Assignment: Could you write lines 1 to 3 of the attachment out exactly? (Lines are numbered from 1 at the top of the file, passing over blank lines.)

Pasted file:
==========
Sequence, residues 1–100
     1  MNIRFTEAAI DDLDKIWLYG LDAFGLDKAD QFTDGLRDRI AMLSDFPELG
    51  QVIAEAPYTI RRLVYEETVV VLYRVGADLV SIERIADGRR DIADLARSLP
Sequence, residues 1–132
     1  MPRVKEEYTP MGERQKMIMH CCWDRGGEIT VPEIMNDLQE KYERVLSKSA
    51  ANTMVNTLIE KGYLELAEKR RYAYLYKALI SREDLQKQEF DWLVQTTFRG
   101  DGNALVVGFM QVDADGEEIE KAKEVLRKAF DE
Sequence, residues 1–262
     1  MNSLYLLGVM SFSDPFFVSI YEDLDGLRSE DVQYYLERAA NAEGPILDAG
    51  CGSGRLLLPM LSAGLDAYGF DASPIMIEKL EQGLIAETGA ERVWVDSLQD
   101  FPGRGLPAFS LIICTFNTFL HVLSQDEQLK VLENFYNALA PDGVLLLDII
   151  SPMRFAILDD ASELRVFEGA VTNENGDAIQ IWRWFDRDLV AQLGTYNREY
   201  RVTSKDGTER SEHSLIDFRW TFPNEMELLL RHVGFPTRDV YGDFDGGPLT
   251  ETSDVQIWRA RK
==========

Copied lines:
Sequence, residues 1–100
     1  MNIRFTEAAI DDLDKIWLYG LDAFGLDKAD QFTDGLRDRI AMLSDFPELG
    51  QVIAEAPYTI RRLVYEETVV VLYRVGADLV SIERIADGRR DIADLARSLP